which the doctor or his lawyer had tried to fence
  away the doctor's counsel charged harassment.
  Counsel, among other things, protected the doctor
  from answering questions about claimed damages,
  the meaning of letters the doctor had signed, and
  other questions related to the allegations of the
  complaint. The objections were on the basis that
  the doctor was not a lawyer and the letters and
  complaint, although signed by the doctor, had
  been composed by his present counsel. The
  questions called for legal conclusions or
  violated the privilege, it was claimed. Then
  followed some discussion about whether the
  deposition would have to be on the doctor's
  counsel. The doctor, however, needed little
  protection by his counsel as he was very adept at
  evading the questions, giving unresponsive
  answers and stonewalling.
    After reading the deposition, this court fully
  agrees with Judge Baker. It is plain, as Judge
  Baker said, that the doctor's counsel was engaged
  in a "deliberate frustration of defendants'
  discovery attempts." As a result of that conduct
  Judge Baker assessed fees and expenses of
  $6,317.66 divided equally between the doctor and
  his counsel. . . .
    As some of the deposition questions therefore
  had not been answered, Judge Baker directed that
  they forthwith be answered without interference
  from the doctor's counsel. A further effort was
  made to depose the doctor. This time it was
  attorney James Walker who appeared with the
  doctor, but this lawyer substitution did not
  improve the situation. Attorney Engelbrecht was
  also present. As Judge Baker later found and as
  is evident to us from the deposition, the
  doctor's counsel willfully and contumaciously
  disobeyed the court's order by interfering with
  the questions posed by defendants' counsel, and
  by directing the doctor not to respond to certain
  questions already approved by the court. The only
  issue of any possible consequence was the
  challenge in the questions allegedly on the basis
  of attorney-client privilege which, if answered,
  might waive the privilege. Judge Baker found,
  however, that few if any of the objections on the
  basis of privilege had any merit. We fully agree
  with that assessment. These repetitious
  obstructive tactics clearly deserved sanctions.
    One remarkable incident occurring at this
  second deposition deserves telling. The
  deposition this time was being taken in attorney
  Walker's offices in Bloomington, Illinois. At
  another impasse, counsel for the hospital
  suggested that the differences between counsel be
  resolved by an immediate telephone conference
  with Judge Baker, a procedure Judge Baker had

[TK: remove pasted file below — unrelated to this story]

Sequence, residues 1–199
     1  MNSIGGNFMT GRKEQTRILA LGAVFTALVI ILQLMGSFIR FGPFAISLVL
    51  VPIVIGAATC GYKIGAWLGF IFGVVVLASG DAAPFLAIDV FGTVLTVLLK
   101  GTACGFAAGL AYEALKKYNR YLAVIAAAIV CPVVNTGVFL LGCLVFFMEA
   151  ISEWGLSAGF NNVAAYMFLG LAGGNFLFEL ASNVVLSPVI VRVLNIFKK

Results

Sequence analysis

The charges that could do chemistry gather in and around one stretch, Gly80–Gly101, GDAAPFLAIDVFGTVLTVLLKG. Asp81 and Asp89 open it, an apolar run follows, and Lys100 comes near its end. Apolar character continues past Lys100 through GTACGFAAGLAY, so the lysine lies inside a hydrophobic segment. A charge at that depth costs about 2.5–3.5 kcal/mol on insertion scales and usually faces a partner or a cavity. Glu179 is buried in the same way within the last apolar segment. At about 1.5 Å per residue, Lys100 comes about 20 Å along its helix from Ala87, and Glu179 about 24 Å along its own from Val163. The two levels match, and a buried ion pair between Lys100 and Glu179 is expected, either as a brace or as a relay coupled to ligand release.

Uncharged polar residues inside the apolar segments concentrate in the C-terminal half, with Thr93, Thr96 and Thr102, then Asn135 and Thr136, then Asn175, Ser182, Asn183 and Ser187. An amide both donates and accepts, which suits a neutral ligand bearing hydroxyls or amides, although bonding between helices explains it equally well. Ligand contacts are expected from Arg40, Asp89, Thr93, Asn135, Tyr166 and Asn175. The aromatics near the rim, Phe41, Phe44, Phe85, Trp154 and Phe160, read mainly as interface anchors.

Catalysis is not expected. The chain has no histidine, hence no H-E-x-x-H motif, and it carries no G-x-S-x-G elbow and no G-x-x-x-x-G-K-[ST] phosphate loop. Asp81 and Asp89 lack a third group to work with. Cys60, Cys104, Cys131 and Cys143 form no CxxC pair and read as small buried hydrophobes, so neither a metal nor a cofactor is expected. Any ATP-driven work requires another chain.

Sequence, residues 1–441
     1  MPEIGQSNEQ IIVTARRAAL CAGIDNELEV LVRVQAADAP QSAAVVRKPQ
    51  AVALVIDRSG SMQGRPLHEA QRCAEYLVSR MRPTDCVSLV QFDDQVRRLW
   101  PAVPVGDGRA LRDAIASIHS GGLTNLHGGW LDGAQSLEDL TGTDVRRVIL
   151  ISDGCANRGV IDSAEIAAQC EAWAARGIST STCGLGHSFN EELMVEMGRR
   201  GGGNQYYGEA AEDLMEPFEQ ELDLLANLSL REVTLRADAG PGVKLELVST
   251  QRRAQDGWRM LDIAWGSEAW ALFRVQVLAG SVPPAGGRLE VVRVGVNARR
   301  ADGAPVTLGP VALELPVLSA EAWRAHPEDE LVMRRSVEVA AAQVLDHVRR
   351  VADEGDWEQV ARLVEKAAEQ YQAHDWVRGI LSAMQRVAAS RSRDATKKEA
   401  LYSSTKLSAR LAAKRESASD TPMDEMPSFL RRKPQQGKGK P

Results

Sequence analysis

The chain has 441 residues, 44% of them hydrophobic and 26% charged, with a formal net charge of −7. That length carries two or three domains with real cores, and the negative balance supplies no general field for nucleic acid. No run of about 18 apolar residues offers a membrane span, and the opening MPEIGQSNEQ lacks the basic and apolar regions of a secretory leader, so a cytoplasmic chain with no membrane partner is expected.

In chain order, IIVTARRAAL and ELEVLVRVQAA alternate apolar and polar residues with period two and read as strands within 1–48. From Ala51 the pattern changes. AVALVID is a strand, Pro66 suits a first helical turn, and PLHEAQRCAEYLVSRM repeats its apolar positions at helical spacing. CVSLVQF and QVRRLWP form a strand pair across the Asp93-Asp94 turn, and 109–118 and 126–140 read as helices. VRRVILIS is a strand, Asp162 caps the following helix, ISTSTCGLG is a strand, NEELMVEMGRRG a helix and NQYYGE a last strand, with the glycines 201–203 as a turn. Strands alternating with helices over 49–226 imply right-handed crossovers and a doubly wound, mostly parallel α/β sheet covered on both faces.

recommended. Attorney Walker did not immediately
  respond to the suggestion and hospital counsel
  therefore indicated he would go ahead and place
  the call. Then attorney Walker did respond:
    MR. WALKER: I would caution you not to use any
    telephones in this office unless you are
    invited to do so, counsel.
    MR. STANKO: You're telling me I can't use your
    MR. WALKER: You can write your threatening
    letters to me. But, you step outside this room
    and touch the telephone, and I'll take care of
    that in the way one does who has possessory
    When these deposition problems later came
  before Judge Baker he was not sure whether
  attorney Walker had actually threatened and
  intended physical violence or not. Attorney
  Stanko, the hospital counsel, advised the court
  that he had felt no fear of physical violence. Be
  that as it may, that exchange remains an example
  of professional incivility, a situation of
  general concern in this circuit and elsewhere.
  (Footnote omitted.)
    Judge Baker found that attorney Walker's
  arguments and statements were capricious and
  aimed at stymieing the defense efforts to find
  out through discovery what the doctor's case was
  about. The court's order which was intended to
  avoid a repeat of the prior deposition problem
  had been ignored. The proceedings had been
  unreasonably and vexatiously prolonged in
  violation of 28 U.S.C. § 1927. Attorney Walker was
  also subject to sanctions under Rule 16 and Rule
  37(b). The doctor's case was thereupon dismissed
  with prejudice and attorney Walker was found to be
  in civil contempt. Dismissal of a doctor's case for
  conduct similar to this is not unknown to us.
  Godlove v. Bamberger, 903 F.2d 1145 (7th Cir.
  1990), cert. denied, 499 U.S. 913, 111 S.Ct.
  1123, 113 L.Ed.2d 230 (1991). The contempt, it was
  provided, could be purged by paying the expenses
  and fees of the defense. In addition, Judge Baker,
  after a hearing on a rule to show cause,

  concluded that attorney Walker's conduct was so
  unprofessional that it required referral to the
  other two judges in the district to determine the
  appropriate discipline, if any, including
  reprimand, censure, suspension, disbarment, or
  whatever might be found to be just.
  Castillo, 938 F.2d at 778-80.


I.  The Court Has Authority To Censure, Suspend, Or Disbar An
    Attorney Whose Unprofessional Behavior Casts Doubt Upon
    His ...